The opinion of the court was delivered by: Gregory G. Hollows United States Magistrate Judge
FINDINGS and RECOMMENDATIONS
Petitioner, a state prisoner proceeding pro se, has filed a petition for a writ of habeas corpus pursuant to 28 U.S.C. § 2254, together with an application to proceed in forma pauperis.
On September 28, 2011, petitioner filed the instant petition with the
United States District Court for the Northern District of California,
and it was transferred to this court on October 17, 2011. Petitioner
is currently incarcerated at High Desert State Prison following his
1979 conviction for murder. See Doc. No. 1, pp. 2, 43.*fn1
In March 2009, the California Board of Prison Terms found
petitioner unsuitable for parole, and scheduled his next parole
consideration hearing for three years after the 2009 denial. See id.
Petitioner raises the following challenges to the BPT's decision: (1) that petitioner was arrested in 1978 (June 12, 1978 given as the date of the crime as well) and the sentencing laws in effect at that time mandate that petitioner be released (see, e.g., Doc. No. 1 at p. 4 ,¶8; p. 19, ¶12); (2) that the BPT improperly evaluated petitioner's suitability for parole under sentencing laws which did not go into effect until after petitioner's arrest (see, e.g., Doc. No. 1 at p. 3, ¶¶5-6; p. 5, ¶¶10-11; p. 11, ¶ 2; p. 24, ¶2); and (3) that the BPT improperly denied petitioner's parole for three years (see, e.g., p. 3, ¶5). Petitioner seeks, inter alia, a declaratory judgment and an injunction forcing the BPT to evaluate petitioner's parole under the appropriate law and to set a release date. See, e.g., Doc. No. 1 at p. 4, ¶7; p. 36, ¶¶1-3.
For the reasons outlined below, the petition is dismissed because it does not present cognizable claims for relief, and no cognizable claim could be raised if leave to amend were granted. See Jarvis v. Nelson, 440 F.2d 13, 14 (9th Cir. 1971).
A. Preliminary Review of Petition
Rule 4 of the Rules Governing Section 2254 Cases provides, in pertinent part:
If it plainly appears from the petition and any attached exhibits that the petitioner is not entitled to relief in the district court, the judge must dismiss the petition and direct the clerk to notify the petitioner.
The Advisory Committee Notes to Rule 8 indicate that the court may dismiss a petition for writ of habeas corpus, either on its own motion under Rule 4, pursuant to the respondent's motion to dismiss, or after an answer to the petition has been filed. See Herbst v. Cook, 260 F.3d 1039 (9th Cir. 2001). A petition for habeas corpus should not be dismissed without leave to amend unless it appears that no tenable claim for relief can be pleaded were such leave granted. See Jarvis v. Nelson, 440 F.2d at 14.
B. Failure to State a Cognizable Claim
Parole Suitability Petitioner's first and second claims for relief are related. Plaintiff argues that, based on the law in effect at the time of his arrest, the BPT has incorrectly applied a "suitability" determination to his release calculation. See, e.g., Doc. No. 1 at p. 3, ¶6; p. 11, ¶2. Petitioner argues that "suitability" determinations are reserved for those prisoners sentenced under the "indeterminate" scheme in effect prior to his arrest. See, e.g., Doc. No. 1 at p.5, ¶11; p. 12, ¶3. Petitioner argues that, because he received a sentence under the determinate scheme, the BPT's continued use of suitability criteria essentially turns his sentence into one under the new scheme created by the Briggs Initiative, passed by California voters in 1978.*fn2 See, e.g., Doc. No. 1 at p. 5, ¶10; p. 11, ¶1, p. 26, ¶8.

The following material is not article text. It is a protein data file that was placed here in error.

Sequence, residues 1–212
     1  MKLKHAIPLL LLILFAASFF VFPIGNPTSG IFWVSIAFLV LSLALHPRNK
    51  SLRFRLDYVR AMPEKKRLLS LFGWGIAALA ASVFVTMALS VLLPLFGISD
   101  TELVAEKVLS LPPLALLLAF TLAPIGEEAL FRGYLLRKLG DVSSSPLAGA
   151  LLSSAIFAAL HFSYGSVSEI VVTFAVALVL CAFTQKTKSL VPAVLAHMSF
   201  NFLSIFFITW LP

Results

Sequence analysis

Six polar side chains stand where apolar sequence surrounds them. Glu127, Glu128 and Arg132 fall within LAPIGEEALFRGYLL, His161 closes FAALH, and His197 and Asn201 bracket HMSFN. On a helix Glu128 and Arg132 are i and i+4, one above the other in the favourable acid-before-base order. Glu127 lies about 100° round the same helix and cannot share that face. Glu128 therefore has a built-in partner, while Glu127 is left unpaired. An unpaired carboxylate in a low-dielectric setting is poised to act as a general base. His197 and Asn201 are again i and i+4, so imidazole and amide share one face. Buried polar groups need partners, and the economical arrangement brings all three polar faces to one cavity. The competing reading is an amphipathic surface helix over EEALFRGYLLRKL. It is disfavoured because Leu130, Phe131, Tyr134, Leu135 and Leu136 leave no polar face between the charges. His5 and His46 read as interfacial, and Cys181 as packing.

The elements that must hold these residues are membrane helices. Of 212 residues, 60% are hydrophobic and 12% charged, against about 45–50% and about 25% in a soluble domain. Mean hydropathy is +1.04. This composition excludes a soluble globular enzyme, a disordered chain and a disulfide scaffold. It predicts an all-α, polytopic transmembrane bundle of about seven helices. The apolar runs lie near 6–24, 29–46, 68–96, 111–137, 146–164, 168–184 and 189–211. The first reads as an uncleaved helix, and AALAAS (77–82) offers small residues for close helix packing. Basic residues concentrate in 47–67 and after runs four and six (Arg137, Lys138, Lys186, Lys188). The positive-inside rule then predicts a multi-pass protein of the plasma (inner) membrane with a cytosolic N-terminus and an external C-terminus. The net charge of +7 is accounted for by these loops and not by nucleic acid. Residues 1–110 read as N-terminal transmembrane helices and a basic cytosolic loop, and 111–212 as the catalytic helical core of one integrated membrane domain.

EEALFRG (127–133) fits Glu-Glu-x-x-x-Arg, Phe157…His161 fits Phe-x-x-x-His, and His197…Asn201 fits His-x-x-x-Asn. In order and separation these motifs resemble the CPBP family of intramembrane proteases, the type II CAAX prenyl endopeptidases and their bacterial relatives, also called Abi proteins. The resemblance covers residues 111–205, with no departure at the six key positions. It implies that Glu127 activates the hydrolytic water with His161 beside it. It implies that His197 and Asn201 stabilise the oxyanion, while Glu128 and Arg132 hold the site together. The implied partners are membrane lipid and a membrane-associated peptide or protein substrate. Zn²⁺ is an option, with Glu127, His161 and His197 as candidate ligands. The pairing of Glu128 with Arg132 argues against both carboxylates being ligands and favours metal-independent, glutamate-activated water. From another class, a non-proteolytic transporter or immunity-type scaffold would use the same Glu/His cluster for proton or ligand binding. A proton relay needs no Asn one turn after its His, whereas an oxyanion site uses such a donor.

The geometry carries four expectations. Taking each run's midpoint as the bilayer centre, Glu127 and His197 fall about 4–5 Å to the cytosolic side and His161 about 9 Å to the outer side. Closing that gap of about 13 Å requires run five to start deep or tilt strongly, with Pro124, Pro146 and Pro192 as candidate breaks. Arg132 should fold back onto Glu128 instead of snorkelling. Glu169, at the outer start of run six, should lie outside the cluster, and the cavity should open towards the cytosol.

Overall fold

Petitioner's arguments are factually incorrect. Under the Determinate Sentencing Act (DSA) in effect at the time of petitioner's arrest*fn3 , a straight life sentence, as well as a sentence of some number of years to life, is an indeterminate sentence. See People v. Felix, 22 Cal. 4th 651, 657-59 (2000). Prisoners, like petitioner, sentenced to indeterminate terms under the DSA were to be released on parole if the BPT determined that release was appropriate. See, e.g., People v. Jefferson, 21 Cal. 4th 86, 92 (1999); In re Caswell, 92 Cal. App. 4th 1017, 1026 (2001) (Board is vested with exclusive authority to decide whether a life prisoner is suitable for parole).
Accordingly, the use of suitability criteria is not limited to those prisoners sentenced under the pre-1977 indeterminate sentencing scheme, or to those arrested after passage of the Briggs Act in 1978. See In re Stanworth, 33 Cal. 3d 176, 183 (1982) (under both indeterminate and determinate sentencing rules, life prisoner must be found suitable for parole before parole date is set). Petitioner does not cite, and this court has not found, any authority that, under the DSA as initially enacted, life prisoners were entitled to automatic release upon completion of their minimum term. See In re ...